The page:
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Leading the IT Organization of the Future ABB‘s Schmidt emphasized: ―It‘s project management. It‘s process management. It‘s change management, and to a certain degree, it‘s supplier management…but the resource pool is not just IT—the resource pool is the whole organization.‖ While acknowledging the importance of project management, Karl Landert also posited that ―Those who deliver [IT]—and even who are managing and orchestrating—they need to have some kind of technology affinity. If they don‘t have it, and haven‘t experienced that sometime in their life, it‘s going to be much, much harder to be successful.‖ BMW‘s Probst agreed: ―I liked the expression affinity. That‘s the right word, affinity.‖

Conclusion Haider Rashid, ABB‘s CIO, summed the day‘s discussion up well: ―I think what you‘re struggling with is that IT is a very young industry. It‘s difficult to say where it is going. But if I look at what the traditional job of the IT organization was, it was delivering technology services, and the other part of it was being an advisor. They were the guys who knew technology. So if someone wanted to change things, they could advise them. ―I think both these things are changing, because when you‘re talking about delivering the services, the people really running technology, this will in our [ABB‘s] opinion, done easier, better, faster, cheaper, by the real experts, the IBMs, the BTs of the world. If you are someone who really wants to run servers, you probably wouldn‘t want to come to ABB. You‘d want to go to these companies. That‘s realized with all of us to some extent or another because we‘re all doing more and more outsourcing. So the traditional delivering of services, part of it will change to managing service providers or integrating bits of it. The other bit of our job was that we were the guys who would advise a supply chain guy. A supply chain guy would say, ‗I need to improve my processes and I need the geeks to do this.‘ We would say, ‗Yes, you can do that and we‘ll do the coding part for you.‘ In the future, the supply chain people will themselves be the geeks because they grew up with technology. They will know exactly what processes they want to change, and they‘ll know exactly what technology to change as well. ―But we will be able to add value. Because of the ubiquity of IT, we will be one of the few people that will have an end-to-end view across the business and be able to spot discontinuities. So we would be the ones who could help the supply chain guy integrate better with the sales guy, integrate better with the finance guy. I think our role will be there. We will be managing the delivery of IT services, partly ourselves, partly through others. We will be the integrator between people in the different parts of the business. We will be the chief integration officer.‖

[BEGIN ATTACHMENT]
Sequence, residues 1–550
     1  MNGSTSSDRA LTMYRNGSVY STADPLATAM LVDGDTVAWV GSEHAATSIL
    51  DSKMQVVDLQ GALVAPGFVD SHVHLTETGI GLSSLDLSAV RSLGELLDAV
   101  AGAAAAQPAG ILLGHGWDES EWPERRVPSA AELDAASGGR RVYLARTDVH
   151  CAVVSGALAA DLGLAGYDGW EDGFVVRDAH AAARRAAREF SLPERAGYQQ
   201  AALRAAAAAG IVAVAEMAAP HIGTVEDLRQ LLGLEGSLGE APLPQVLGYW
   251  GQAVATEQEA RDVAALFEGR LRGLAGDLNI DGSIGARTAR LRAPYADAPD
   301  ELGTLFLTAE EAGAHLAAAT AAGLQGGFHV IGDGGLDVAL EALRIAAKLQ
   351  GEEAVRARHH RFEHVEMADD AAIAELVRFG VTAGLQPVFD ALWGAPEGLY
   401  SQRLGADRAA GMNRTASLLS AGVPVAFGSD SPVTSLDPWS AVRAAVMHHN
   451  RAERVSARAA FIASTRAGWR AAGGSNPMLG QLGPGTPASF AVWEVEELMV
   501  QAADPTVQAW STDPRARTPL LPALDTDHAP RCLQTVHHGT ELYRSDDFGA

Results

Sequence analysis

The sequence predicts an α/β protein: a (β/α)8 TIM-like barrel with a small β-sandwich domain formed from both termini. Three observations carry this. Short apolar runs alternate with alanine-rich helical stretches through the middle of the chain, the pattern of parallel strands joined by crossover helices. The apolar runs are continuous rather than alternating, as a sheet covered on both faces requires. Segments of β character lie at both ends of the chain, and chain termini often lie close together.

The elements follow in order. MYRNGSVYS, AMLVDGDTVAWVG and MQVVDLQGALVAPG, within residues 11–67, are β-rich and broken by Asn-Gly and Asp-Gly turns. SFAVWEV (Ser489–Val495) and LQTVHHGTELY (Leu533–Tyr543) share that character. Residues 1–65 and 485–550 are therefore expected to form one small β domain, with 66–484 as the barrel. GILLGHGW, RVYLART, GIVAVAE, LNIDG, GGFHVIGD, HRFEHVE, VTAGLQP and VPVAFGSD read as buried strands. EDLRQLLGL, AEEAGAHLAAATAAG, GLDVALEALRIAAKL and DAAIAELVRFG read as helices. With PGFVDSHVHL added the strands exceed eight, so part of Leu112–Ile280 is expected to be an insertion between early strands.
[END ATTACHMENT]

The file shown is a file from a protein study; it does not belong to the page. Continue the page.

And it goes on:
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Leading the IT Organization of the Future

Participant List Leading the IT Organization of the Future 17 April 2009

Jan Babst

CIO, EMEA Region Holcim

Urs Bleisch

Head of Corporate IT Holcim Group Support Ltd.

Hans Brechbühl

Executive Director Center for Digital Strategies Tuck School of Business, Dartmouth College

Barbara Burghardt

Organisation, Inhouse Consulting; Vice President Principles, Central Functions BMW Group

Kerstin Gollner

Managing Partner Business Experts Consulting Network GbR (BECN)

Christian Gosch

Managing Director s IT Solutions Holding GmbH

Olivier Gouin

Group CIO Nestlé

M. Eric Johnson

Professor of Operations Management Director, Center for Digital Strategies Tuck School of Business, Dartmouth College

Herbert Juranek

COO & Member of the Executive Board Erste Bank der österreichischen Sparkassen AG

Lucas Kuttler

Group CIO Schindler Informatik Ltd.

Karl Landert

Corporate CIO Credit Suisse

Werner Lutz

Head of IT Infrastructure and CTO Hilti Aktiengesellschaft

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Leading the IT Organization of the Future

Daniel Ott

CIO, Private Banking Credit Suisse

Martin Petry

CIO Hilti Aktiengesellschaft

Karl Probst

Senior VP and CIO BMW Group

Al-Noor Ramji

CIO British Telecom plc (BT)

Haider Rashid

Group Senior VP and CIO ABB

Thomas W. Schmidt

Group Vice President Head of Information Systems ABB Power Products Division

Erin Smith

MD Service Design, Global Services British Telecom plc (BT)

Jan vom Brocke

Director, Institute of Information Systems Hilti Chair of Business Process Management University of Liechtenstein

Franz Wirnsperger

CFO Hilti Aktiengesellschaft

Christoph Witte (moderator)

Publishing, Events, Kommunikation and Editorial Director Computerwoche

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Leading the IT Organization of the Future - Europe